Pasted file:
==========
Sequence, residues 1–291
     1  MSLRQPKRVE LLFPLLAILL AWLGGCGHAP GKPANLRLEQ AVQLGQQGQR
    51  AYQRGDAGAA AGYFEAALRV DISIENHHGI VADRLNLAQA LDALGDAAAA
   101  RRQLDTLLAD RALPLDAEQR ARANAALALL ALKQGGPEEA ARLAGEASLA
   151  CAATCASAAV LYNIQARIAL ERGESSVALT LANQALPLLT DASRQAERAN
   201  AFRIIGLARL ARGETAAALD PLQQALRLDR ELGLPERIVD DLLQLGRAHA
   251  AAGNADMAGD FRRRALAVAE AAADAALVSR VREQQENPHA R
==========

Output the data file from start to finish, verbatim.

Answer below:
Sequence, residues 1–291
     1  MSLRQPKRVE LLFPLLAILL AWLGGCGHAP GKPANLRLEQ AVQLGQQGQR
    51  AYQRGDAGAA AGYFEAALRV DISIENHHGI VADRLNLAQA LDALGDAAAA
   101  RRQLDTLLAD RALPLDAEQR ARANAALALL ALKQGGPEEA ARLAGEASLA
   151  CAATCASAAV LYNIQARIAL ERGESSVALT LANQALPLLT DASRQAERAN
   201  AFRIIGLARL ARGETAAALD PLQQALRLDR ELGLPERIVD DLLQLGRAHA
   251  AAGNADMAGD FRRRALAVAE AAADAALVSR VREQQENPHA R